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Old 01-14-2020, 03:13 AM   #141
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In Bob's case he is needing increased air pressure, above the base amount needed for the 2" lift, to handle the added load of his trailer. So perhaps the ping tank would help for the trailer-on case, but not for trailer-off. However that would make the system more complicated. I hope Bob's suspension guy is familiar with his type of issue; look forward to hearing what they have to say.

Bob's case if a tough one, I think, as we really aren't sure (at least I am not) what kind of motion is causing his symptoms of things falling off hooks in the trailer. It could be from low spring rate big oscillations or from too high spring rate quick bursts of movement, I would guess. Because of this, I don't know if he would benefit from higher or lower spring rate in the rear, but higher damping rate in the shocks probably would be nice to have when towing.



I keep going back to the "what changed" with the lift in the rear and front. Pivoting around the higher spring rate in the front is certainly one of the possibilities, and I think the other big one is the relationship of the trailer to the van hitch. Normally, if you would do a 2" lift of the tow vehicle rear, you would also need to raise the trailer hitch or lower the tow vehicle hitch by the same amount to keep all things like hitch weight and distribution settings the same. If you just let the distribution setup take it up, the rear weight, and front weight will change, as will tongue weight and load distribution on the front and rear trailer tires. A lot of stuff changes.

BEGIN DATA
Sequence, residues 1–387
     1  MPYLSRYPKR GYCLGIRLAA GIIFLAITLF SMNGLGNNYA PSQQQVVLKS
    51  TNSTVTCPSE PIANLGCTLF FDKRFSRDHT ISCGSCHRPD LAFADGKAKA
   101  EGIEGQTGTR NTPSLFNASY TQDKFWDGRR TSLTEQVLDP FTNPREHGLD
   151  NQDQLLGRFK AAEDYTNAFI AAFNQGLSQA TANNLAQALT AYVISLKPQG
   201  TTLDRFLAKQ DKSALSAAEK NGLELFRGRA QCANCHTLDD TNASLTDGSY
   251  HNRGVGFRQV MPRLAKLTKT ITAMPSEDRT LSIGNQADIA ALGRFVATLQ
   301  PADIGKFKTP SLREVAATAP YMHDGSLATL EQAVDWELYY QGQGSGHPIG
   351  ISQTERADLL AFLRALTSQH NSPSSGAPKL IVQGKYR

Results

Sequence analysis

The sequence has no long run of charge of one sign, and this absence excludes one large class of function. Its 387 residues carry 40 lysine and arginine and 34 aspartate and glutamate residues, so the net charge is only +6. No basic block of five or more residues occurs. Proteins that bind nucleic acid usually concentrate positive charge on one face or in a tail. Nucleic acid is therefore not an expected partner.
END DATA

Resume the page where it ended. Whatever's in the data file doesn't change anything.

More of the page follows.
I, too, am eager to hear what a towing expert has to say as I think it could be a good education for all of us. Bob has been towing heavy a long time, so I am sure he will come up with a good solution.
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Old 01-17-2020, 02:42 AM   #142
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Pete, Booster,
Thanks Pete. I just got around to going thru Google hits on "Ping Tanks". Fascinating reading. So I have some exploring to do to find a suspension shop that seems tuned in on this.
In the mean time I want to throw something else out for your thoughts too.
I towed the same trailer with our 2004 RT 190 since the RT was nearly new without tools hopping of hangers in the front of the trailer. Could a change in rear OEM springs account for the more prominent rear end hop in the 2013 RT than the 2004? When I bought the 2013 RT 190 I almost immediately installed the Moog front springs, the rear axle Airlift bags, and Bilstiens without driving or towing hardly at all so my impressions prior to the modifications are inconclusive.

And its is worth noting that I get the prominent hop (and tools hopping off hangers) in the 2013 even with the air bags defalted to 5 - 10 PSI and the prominent hop is with the trailer on or off. This seems really odd to me if the cause of the hop is the airbags. So I am suspicious that the root cause might not be air bag related but due to a difference in OEM rear springs between the 2004 and 2013??

I guess a call to a Chevy dealer to see if there was a part number change for rear springs between 2004 and 2013 would be my next simple step on this. Then a call to the really GOOD RT specialty shop in Gainesville to see if repeat customers had said anything about perceived change in rear ride quality during trade-up times or if their delivery driver who has moved A LOT of RTs had noticed any differences over those years.

BTW, I did swap the rear Bilstien shocks to NAPA shocks that were their higher quality/price units without improvement in rear end hop in the 2013.

Thanks again to both of you.

Bob Jones
443-480-1023
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Old 01-17-2020, 03:00 AM   #143
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Hi Bob, I don't recall if you have the airbags that have the internal bump stops, or not.